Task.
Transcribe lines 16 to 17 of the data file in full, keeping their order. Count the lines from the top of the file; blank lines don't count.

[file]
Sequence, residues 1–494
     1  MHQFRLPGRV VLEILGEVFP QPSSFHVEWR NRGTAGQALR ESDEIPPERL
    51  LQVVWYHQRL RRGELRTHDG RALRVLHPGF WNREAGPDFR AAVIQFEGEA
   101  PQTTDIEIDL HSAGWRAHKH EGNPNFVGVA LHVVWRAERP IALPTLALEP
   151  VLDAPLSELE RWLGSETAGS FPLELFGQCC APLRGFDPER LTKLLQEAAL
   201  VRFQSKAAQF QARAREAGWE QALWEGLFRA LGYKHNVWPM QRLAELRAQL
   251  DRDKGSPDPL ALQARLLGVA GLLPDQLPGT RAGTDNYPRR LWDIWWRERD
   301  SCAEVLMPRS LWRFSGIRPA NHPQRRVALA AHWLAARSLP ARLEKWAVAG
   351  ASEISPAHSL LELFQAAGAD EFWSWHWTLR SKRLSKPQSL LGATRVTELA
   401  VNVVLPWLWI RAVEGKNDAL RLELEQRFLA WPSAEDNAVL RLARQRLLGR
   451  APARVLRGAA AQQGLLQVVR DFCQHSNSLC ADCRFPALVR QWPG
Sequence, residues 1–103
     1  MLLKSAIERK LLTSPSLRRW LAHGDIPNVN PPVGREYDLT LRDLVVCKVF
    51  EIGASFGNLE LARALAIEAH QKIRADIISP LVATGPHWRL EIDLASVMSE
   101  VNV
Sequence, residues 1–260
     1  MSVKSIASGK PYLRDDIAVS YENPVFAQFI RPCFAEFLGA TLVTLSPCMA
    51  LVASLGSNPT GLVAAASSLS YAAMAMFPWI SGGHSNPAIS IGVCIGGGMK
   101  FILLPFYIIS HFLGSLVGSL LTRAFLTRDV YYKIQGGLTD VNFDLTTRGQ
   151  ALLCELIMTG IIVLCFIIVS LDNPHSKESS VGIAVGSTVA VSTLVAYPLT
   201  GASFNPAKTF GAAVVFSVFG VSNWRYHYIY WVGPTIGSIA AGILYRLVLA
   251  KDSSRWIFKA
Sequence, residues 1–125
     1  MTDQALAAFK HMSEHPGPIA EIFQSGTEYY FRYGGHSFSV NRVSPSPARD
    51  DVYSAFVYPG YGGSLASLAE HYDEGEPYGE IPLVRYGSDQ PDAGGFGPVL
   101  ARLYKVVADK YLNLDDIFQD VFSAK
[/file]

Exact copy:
Sequence, residues 1–260
     1  MSVKSIASGK PYLRDDIAVS YENPVFAQFI RPCFAEFLGA TLVTLSPCMA